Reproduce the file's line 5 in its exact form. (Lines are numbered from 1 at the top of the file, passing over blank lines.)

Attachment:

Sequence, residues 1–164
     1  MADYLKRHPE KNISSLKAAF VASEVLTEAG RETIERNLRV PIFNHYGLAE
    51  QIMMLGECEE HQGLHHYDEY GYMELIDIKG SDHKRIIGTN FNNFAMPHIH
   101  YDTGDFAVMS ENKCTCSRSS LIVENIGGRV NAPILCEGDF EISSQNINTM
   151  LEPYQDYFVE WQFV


   151  LEPYQDYFVE WQFV